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Ghost Suns – Testify EP

French electro-pop outfit Ghost Suns are an intriguing pair whose music is best described as a cross between Goldfrapp’s lush beauty and the neon-soaked, downtempo beats of electronic music’s most melancholy corners

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French electro-pop outfit Ghost Suns are an intriguing pair whose music is best described as a cross between Goldfrapp’s lush beauty and the neon-soaked, downtempo beats of electronic music’s most melancholy corners. Their latest EP Testify, takes sonic cues from Lali Puna and maybe a little Depeche Mode, and is mostly terrific. Buoyed by vocalist Lola’s very capable voice that’s tracked to the electronic beats and production of her music partner Jeremy, it’s got plenty to show for.

It’s only “mostly terrific” because it stumbles out of the gates with its average opening title track. It skitters to and fro, with its Euro-popesque vocals but comes off sounding a little hokey. Nonetheless, it’s the only part of the EP that isn’t very good, as the rest of it is perhaps more akin to the level of quality Ghost Suns introduced with their 2017 EP We Are Not Good People (the cut “Wait Out” is a particularly fetching piece of synth-pop).

Take the synthesizer-strewn downbeats of “Down the Hill”, bleak in its painted atmosphere, but musically captivating, it is a very good example of the pictures Ghost Suns can create with their music. The frenetic, fuzzy nature of “Why Criminal?” is another fantastic track; alluring, seductive, and punctuated by the wonderful chorus vocal/music textures that makes it the EP’s stand-out effort. They traverse down darker ambient paths in “Cards on a Bicycle” with its brooding atmospherics, and close out proceedings with “Nothing More”. The closing track is a great example of Ghost Suns’ ability to create electro-pop that remains beautifully restrained without falling into histrionic pop traps.

Opening track aside, there’s plenty to like with Testify, and surely only a taste of what’s to come from Ghost Suns. In the end, 4 out of 5 is really quite good.

(Fierce Panda Records)

Reviews

Hatchie – Keepsake

Keepsake, the debut album by Brisbane dream pop artist Hatchie is musical luminescence that can only be described as music written for the stars

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Hatchie Keepsake

Brisbane indie-pop artist Hatchie (known to her friends and family as Harriette Pilbeam) is in the envious position of being a pop artist unspoiled by the many trappings of what it is to be a modern pop artist. Unlike some of her contemporaries who craft music by committee or with Sheeran-like self-importance, Hatchie is as of now, unsullied by the pressures of the cookie-cutter pop machine. Hatchie’s debut full length is a showcase for a talent who is supremely confident and composed in her abilities, and Keepsake is musical luminescence that can only be described as music written for the stars. The album is also a wonderful throwback to pop’s dreamy 60s influences that shuffle in and out of this delirium while working alongside distinctly more current musical touches.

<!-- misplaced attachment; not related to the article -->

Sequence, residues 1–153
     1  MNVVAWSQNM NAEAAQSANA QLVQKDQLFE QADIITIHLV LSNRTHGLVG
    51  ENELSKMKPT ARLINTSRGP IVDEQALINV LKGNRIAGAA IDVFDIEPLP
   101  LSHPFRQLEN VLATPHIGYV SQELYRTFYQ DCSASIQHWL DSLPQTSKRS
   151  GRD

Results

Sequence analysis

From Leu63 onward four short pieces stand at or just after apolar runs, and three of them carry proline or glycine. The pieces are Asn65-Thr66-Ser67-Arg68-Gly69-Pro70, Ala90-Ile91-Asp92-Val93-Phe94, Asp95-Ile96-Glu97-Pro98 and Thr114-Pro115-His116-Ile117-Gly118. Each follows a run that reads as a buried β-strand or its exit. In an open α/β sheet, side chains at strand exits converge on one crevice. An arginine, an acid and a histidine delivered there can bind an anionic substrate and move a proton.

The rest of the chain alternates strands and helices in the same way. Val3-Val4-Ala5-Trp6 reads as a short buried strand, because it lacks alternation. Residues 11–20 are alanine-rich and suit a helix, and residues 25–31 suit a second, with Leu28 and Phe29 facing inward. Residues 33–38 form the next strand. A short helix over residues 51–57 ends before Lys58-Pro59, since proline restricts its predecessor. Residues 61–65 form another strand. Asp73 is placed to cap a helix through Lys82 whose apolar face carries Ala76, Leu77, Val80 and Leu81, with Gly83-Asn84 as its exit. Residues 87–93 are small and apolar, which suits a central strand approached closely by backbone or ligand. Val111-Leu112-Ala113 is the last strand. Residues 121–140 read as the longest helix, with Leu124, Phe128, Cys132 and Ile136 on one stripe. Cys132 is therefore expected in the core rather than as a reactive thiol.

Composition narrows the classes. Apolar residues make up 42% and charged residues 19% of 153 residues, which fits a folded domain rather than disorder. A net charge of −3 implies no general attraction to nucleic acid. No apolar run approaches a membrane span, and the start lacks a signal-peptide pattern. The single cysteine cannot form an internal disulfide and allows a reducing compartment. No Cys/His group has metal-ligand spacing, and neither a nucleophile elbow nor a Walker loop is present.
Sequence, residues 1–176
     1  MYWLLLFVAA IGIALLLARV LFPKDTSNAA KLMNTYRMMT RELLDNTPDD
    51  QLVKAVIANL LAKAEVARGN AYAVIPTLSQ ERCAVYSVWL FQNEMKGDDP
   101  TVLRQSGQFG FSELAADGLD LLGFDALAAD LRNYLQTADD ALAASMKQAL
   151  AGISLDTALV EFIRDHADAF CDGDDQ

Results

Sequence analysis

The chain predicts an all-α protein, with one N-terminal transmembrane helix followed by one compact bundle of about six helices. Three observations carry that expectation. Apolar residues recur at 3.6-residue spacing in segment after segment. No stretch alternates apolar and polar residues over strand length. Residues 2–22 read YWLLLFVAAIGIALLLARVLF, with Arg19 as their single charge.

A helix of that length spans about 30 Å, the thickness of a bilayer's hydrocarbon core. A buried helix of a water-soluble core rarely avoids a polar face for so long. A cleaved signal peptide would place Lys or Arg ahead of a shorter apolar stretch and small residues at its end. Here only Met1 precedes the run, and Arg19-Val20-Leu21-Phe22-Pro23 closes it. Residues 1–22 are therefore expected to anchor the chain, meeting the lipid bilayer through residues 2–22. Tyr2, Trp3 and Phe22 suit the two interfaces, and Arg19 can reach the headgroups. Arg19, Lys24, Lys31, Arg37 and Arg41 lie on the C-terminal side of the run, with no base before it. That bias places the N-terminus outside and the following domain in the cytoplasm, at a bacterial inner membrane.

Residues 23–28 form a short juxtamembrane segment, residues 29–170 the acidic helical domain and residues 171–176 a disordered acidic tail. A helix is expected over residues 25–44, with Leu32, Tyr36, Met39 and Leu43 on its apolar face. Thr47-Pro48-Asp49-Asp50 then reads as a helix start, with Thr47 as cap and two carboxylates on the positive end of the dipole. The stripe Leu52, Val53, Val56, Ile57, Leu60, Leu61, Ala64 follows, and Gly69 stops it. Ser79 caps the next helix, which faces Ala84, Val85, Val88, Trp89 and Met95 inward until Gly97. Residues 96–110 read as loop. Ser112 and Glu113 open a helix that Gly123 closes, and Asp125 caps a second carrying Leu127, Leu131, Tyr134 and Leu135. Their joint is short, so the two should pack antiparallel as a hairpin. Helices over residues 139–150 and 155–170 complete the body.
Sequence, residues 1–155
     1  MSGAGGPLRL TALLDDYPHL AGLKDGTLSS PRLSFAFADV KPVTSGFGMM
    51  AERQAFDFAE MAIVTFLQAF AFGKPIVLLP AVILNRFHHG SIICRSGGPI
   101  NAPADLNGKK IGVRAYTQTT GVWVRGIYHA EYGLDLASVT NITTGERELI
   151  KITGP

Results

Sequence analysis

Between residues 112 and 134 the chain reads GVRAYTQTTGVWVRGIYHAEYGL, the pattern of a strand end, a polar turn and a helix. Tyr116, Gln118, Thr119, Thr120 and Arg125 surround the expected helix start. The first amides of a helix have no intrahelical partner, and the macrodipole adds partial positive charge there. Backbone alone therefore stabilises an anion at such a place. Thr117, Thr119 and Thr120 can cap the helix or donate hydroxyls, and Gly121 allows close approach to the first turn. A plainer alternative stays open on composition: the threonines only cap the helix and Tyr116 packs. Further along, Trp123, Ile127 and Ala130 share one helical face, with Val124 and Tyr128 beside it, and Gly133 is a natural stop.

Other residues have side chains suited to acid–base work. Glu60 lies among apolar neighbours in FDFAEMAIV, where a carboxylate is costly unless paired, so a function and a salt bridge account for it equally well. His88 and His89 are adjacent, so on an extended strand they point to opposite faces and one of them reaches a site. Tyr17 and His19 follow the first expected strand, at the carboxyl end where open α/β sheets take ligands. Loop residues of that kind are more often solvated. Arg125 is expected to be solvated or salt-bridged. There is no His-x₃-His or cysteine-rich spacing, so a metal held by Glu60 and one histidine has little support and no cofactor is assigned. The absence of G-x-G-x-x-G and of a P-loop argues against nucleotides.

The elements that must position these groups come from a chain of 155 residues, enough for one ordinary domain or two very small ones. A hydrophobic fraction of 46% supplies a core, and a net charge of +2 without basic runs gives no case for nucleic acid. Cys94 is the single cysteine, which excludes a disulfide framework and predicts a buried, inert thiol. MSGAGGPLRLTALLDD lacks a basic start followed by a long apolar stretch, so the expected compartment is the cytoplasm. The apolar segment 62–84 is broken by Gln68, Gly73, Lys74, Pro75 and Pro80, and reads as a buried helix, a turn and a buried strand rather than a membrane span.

There is the lush dream pop sounds of “Without a Blush”, taking cues from the best of what Stars and Goldfrapp conjure but heaping a tonne of Pilbeam’s charisma on it. Like her vocals, “Without a Blush” has this elegance that has the ability to elevate songs from being beautiful to grand. It is the kind of vocal elegance that really shines through on songs like the skittering, beat-driven “Obsessed” and the alternative, guitar-fuelled (yay!) “When I Get Out”. Indie/electronic closer “Keep” is a wonderful end to proceedings.

However, the great strength of Keepsake is not just its composure in how all the songs have been put together. It is also this genuine, natural-sounding quality that permeates the album- nothing overly written, overly produced or put together by research groups or music analysts. It just sounds like talent. We can argue that much of pop music is constructed to appease the moment- designed to grab as much attention as possible in an A.D.D. world. And sure, that can be said about almost any kind of music, but the resulting aural tone of Keepsake is anything but transient or transparent.

The best way to combat tepid chart-topping music is to write better pop songs. Songs like “Her Own Heart” and the disco-toned “Stay” are examples of pop music that come across as timeless. We are moved by the songs found on Keepsake when we listen to them today. And I suspect that in 10 years time, or in 20, we will most likely feel the same. It is rare to find the sort of ageless beauty you find on Keepsake.

(Heavenly Recordings)

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